Chemical Companies Agree to Nearly $11.5B in PFAS Payments

Four major companies announced agreements related to a class-action lawsuit over the manufacture of per- and poly-fluoroalkyl substances (PFAS) that have been found in drinking water across the country.

DuPont, Chemours, and Corteva agreed to pay $1.185 billion dollars to public drinking water systems to test for and remove PFAS from their water supplies. The 3M company also reached a $10.3 billion agreement.

Though the agreements are still pending approval by a Federal Court in South Carolina, if approved they would affect public water systems nationwide that have already detected PFAS and those that find PFAS in drinking water in the future.

The 3M funding would be paid out over a 13-year period and can be utilized for testing for PFAS and remediation. 3M has announced it will stop manufacturing PFAS by the end of 2025.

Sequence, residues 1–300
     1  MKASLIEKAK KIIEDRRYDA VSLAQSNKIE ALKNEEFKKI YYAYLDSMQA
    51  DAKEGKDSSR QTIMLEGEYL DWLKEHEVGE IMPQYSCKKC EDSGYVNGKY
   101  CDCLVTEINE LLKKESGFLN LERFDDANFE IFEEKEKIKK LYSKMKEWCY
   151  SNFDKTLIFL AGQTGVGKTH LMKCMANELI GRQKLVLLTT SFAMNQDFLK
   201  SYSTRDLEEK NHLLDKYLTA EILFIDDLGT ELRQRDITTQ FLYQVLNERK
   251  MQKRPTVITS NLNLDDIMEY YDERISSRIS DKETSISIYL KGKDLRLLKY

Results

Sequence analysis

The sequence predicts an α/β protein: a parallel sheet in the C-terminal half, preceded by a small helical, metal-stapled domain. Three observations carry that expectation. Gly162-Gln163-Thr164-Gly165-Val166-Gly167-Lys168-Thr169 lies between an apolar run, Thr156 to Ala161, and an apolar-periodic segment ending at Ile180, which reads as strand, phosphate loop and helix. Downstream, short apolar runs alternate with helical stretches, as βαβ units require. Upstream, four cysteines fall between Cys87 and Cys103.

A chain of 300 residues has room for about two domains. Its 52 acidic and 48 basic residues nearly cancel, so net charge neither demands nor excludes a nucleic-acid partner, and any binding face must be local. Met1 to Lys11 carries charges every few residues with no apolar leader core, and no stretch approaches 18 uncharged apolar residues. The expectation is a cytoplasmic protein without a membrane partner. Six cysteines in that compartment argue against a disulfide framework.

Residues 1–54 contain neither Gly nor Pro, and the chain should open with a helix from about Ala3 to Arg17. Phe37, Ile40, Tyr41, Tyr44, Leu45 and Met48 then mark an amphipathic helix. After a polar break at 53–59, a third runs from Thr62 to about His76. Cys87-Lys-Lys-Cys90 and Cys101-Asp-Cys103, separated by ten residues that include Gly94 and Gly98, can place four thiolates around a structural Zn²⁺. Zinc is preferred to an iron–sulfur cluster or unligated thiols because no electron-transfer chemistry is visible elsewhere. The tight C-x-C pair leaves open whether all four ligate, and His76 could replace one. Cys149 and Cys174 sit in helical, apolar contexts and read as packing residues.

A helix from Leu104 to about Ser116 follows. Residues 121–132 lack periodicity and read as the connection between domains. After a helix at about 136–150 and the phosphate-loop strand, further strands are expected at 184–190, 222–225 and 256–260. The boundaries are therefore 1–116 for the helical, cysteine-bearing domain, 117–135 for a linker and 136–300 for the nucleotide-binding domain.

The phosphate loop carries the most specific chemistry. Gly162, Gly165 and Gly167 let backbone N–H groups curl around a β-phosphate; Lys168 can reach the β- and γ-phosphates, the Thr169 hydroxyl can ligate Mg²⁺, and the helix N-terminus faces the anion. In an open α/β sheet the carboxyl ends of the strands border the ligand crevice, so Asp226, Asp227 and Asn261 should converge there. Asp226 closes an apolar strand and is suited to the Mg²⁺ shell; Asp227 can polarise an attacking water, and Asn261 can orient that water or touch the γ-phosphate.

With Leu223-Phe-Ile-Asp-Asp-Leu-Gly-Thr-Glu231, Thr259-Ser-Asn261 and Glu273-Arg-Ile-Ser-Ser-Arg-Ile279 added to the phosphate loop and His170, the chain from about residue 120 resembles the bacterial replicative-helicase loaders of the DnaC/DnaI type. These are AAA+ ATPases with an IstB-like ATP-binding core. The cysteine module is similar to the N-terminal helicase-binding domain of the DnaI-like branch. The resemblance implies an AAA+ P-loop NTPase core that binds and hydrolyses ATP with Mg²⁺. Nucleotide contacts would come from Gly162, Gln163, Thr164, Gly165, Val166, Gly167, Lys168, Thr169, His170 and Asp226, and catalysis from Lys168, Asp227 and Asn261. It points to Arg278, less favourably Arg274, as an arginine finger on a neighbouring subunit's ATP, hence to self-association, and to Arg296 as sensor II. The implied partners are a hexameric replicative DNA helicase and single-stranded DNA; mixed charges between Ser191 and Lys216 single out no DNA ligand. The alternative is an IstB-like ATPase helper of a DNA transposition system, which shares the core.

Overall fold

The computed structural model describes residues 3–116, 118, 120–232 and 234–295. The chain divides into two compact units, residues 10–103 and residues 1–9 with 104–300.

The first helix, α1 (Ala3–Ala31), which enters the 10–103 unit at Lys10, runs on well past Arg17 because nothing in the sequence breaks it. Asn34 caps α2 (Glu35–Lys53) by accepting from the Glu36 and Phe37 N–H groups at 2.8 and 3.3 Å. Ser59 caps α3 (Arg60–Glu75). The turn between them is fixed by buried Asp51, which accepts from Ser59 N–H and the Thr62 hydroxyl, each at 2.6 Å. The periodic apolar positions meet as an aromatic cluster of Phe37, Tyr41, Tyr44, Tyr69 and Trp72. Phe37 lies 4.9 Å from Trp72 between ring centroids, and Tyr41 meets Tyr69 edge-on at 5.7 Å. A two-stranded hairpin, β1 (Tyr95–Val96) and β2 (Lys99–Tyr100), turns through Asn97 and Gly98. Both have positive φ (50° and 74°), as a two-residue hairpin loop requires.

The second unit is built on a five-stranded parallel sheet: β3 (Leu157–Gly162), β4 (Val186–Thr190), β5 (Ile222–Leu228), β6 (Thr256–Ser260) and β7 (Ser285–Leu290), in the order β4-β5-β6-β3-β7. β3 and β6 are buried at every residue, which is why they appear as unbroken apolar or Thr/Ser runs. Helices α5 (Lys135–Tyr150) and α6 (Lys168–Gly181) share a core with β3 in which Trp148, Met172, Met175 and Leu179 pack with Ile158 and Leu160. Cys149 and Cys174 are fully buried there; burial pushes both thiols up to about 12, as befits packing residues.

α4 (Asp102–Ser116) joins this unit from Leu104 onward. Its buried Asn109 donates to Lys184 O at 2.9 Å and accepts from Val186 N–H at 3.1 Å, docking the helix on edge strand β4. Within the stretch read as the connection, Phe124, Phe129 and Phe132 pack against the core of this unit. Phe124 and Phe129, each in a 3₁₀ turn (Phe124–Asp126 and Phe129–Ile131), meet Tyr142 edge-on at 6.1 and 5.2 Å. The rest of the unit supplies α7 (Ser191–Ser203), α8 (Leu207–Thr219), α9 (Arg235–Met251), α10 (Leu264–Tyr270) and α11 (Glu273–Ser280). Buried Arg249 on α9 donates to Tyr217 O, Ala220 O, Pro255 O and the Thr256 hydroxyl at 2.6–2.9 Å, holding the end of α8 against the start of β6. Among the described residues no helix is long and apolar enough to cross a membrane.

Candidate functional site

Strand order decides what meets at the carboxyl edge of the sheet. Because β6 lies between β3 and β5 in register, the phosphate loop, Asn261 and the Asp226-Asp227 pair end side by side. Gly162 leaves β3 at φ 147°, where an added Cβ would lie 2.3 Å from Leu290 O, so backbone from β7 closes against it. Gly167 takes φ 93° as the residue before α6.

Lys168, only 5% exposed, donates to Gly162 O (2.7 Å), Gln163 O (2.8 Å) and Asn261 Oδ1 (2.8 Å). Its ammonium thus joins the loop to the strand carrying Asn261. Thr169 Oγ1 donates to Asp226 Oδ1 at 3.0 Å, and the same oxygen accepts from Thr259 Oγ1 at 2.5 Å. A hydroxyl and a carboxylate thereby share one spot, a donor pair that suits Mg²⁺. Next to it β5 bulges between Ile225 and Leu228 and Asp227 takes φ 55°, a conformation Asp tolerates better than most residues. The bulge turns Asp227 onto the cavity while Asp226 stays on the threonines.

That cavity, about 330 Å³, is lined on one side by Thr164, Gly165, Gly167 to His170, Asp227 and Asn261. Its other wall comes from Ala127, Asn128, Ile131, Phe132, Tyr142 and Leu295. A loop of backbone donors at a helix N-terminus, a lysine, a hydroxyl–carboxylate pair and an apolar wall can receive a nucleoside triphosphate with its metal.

USEPA Announces PFAS Framework

Meanwhile, the U.S. Environmental Protection Agency (USEPA) is working to reduce or eliminate future PFAS contamination. The Federal regulatory agency announced its framework for reviewing new PFAS and new uses for the so-called “forever chemicals.” USEPA will undertake an extensive evaluation process to ensure they pose no harm to human health and the environment.

Under the Toxic Substances Control Act (TSCA) section 5, USEPA is required to:

  • Review new chemicals within 90 days.
  • Assess the potential risks to human health and the environment of the chemical and make one of five possible risk determinations.
  • Take action to mitigate risks before the chemical can enter commerce.

Under the framework, USEPA expects that some persistent bioaccumulative and toxic (PBT) PFAS will not result in worker, general population, or consumer exposure and are not expected to result in releases to the environment. An example of this is when PFAS are used in a closed system with occupational protections as is generally the practice in the manufacture of some semiconductors and other electronic components.

By distinguishing uses that could result in environmental releases from those that won’t, as well as requiring upfront testing for many PFAS, the application of the framework will help ensure that any new PFAS won’t harm human health and the environment. USEPA says the framework will continue to allow certain PFAS to be used when exposures and releases can be mitigated.